Thousands go on unpaid leave as US, South Korea fail to agree on military costs

SEOUL (Reuters) - South Korea on Tuesday criticized the U.S. military’s decision to place thousands of Korean workers on unpaid leave this week, after the two allies failed to sign a new cost-sharing agreement.

South Korea and the United States are embroiled in a dispute dating back almost two years over how much each should pay to support the roughly 28,500 U.S. troops stationed in South Korea, a legacy of the 1950-53 Korean War that ended in an armistice, rather than a peace treaty.

With no new pact months after the last agreement expired at the end of 2019, about half of the nearly 9,000 South Koreans employed by the U.S. military command will be placed on unpaid leave starting on Wednesday. U.S. officials have said they will cover the payroll for more than 4,500 workers deemed essential.

South Korean negotiator Jeong Eun-bo said South Korea regrets the move and the United States had not agreed to proposals that would have prevented the furloughs while a new so-called “Special Measures Agreement” (SMA) is hammered out.

“The decision by the U.S. side to implement the unpaid leave for our workers as planned does not properly reflect the situation of the negotiations and we think this is regrettable,” Jeong told a briefing in Seoul.

“We urge the U.S. to take measures to ensure the workers subject to the furlough scheme can swiftly return to work.”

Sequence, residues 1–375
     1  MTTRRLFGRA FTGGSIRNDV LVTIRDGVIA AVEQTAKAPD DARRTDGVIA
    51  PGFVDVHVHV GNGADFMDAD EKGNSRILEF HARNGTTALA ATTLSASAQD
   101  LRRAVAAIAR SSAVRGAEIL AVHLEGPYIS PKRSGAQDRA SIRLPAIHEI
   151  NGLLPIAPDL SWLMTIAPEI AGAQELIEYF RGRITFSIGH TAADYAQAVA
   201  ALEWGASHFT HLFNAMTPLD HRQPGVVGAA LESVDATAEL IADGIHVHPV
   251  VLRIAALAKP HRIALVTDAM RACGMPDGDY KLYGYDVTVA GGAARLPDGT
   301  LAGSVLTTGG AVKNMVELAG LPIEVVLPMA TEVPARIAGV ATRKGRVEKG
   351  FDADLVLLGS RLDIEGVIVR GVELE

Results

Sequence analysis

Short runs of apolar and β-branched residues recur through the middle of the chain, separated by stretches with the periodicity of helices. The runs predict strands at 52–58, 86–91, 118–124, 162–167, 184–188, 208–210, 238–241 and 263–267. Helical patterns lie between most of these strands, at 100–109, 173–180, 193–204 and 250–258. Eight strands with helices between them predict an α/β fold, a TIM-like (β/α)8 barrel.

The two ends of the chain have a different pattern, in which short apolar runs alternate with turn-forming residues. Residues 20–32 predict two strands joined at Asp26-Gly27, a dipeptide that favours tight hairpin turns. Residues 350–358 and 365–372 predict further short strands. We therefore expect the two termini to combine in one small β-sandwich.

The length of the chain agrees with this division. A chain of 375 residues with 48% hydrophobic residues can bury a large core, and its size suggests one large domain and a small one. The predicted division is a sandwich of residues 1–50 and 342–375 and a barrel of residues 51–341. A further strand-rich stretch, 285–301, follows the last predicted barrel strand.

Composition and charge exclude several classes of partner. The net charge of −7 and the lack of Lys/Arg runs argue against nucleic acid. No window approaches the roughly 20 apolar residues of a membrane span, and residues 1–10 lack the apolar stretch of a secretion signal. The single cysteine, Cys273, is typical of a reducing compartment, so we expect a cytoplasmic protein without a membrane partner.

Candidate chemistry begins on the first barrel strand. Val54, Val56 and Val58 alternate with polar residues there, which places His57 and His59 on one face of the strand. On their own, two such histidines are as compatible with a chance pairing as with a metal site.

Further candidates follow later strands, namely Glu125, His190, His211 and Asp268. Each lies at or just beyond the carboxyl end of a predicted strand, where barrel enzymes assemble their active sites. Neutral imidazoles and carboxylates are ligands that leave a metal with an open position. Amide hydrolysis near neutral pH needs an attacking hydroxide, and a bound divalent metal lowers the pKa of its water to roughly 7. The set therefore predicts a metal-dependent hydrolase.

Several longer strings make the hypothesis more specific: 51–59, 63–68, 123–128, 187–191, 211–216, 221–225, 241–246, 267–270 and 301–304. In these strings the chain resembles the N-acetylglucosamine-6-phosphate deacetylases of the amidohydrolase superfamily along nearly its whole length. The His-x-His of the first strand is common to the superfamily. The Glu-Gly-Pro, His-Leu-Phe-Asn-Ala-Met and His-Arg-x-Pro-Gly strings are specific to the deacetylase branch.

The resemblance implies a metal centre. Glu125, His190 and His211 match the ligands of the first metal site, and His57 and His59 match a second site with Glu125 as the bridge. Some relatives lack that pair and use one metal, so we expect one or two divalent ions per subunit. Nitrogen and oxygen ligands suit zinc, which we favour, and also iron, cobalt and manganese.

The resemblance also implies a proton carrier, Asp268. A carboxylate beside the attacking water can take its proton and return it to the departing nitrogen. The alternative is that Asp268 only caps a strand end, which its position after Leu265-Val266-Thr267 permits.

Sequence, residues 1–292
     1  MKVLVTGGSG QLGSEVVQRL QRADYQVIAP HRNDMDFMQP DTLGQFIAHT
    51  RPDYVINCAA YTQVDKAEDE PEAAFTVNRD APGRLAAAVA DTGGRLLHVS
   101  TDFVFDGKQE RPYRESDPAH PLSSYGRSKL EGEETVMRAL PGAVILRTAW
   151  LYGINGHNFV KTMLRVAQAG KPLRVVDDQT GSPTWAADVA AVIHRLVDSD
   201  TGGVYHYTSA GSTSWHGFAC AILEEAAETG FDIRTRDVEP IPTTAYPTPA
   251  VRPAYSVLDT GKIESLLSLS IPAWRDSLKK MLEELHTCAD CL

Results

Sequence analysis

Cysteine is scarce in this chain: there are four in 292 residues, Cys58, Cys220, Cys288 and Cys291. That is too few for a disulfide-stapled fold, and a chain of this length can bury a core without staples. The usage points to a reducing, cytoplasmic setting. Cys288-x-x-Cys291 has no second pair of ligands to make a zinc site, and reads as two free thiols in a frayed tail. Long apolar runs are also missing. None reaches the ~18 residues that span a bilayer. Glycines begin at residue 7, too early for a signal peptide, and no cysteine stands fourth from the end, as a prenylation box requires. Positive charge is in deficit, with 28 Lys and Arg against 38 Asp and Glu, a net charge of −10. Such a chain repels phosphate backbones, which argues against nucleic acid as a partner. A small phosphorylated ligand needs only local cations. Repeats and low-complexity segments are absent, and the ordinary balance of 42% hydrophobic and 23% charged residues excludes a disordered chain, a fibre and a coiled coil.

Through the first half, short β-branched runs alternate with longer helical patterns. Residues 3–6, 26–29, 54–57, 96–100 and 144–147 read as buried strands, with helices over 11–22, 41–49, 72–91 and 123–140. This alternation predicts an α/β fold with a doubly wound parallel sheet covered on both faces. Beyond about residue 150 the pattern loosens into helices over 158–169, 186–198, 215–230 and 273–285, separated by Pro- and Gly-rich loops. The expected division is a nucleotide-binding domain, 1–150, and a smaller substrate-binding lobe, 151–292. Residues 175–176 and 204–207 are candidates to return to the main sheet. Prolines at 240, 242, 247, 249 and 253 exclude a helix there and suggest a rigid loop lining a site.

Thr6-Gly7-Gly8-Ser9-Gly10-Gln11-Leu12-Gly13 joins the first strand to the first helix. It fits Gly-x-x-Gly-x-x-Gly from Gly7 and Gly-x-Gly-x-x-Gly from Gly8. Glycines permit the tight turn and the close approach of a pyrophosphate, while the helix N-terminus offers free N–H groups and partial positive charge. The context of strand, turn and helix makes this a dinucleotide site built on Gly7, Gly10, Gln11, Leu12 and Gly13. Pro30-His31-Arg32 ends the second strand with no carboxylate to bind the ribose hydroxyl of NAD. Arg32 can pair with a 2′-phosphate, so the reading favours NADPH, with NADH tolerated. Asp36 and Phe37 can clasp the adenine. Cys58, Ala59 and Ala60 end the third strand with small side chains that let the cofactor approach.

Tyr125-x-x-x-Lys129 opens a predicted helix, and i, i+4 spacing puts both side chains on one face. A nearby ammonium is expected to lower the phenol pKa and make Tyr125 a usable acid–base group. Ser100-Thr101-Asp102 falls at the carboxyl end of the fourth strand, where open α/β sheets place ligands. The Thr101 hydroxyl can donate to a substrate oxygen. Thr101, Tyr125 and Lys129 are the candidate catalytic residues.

The move comes as South Korea and the U.S. military there battle outbreaks of the coronavirus, which has placed an economic strain on many residents. North Korea has also continued to test fire missiles, and South Korea said the furlough could undermine military readiness.

U.S. officials have previously said that a separate deal to address the workers would have undermined efforts to reach an overall agreement.

A spokesman for United States Forces Korea (USFK) said the U.S. Secretary of Defense had made a “generous contribution” in authorizing funding for the workers deemed to be working in “key life, health, safety, and readiness positions.”

“USFK will retain more than 4,500 Korean National employees - and furlough less than 4,500 - as we seek a swift conclusion to the SMA lapse and end the partial furlough,” USFK spokesman Colonel Lee Peters told Reuters.

He said he could not comment on the status of the negotiations.

Washington had demanded up to $5 billion a year, more than five times the $870 million that Seoul agreed to pay last year under a one-year deal, though U.S officials said they have “compromised” on the numbers.

Jeong said that the two countries had “substantially narrowed” their differences and were making the utmost effort to sign a new agreement soon.

“We expect an agreement to be finalised soon,” he said.

Reporting by Josh Smith; additional reporting by Hyonhee Shin; editing by Nick Macfie, William Maclean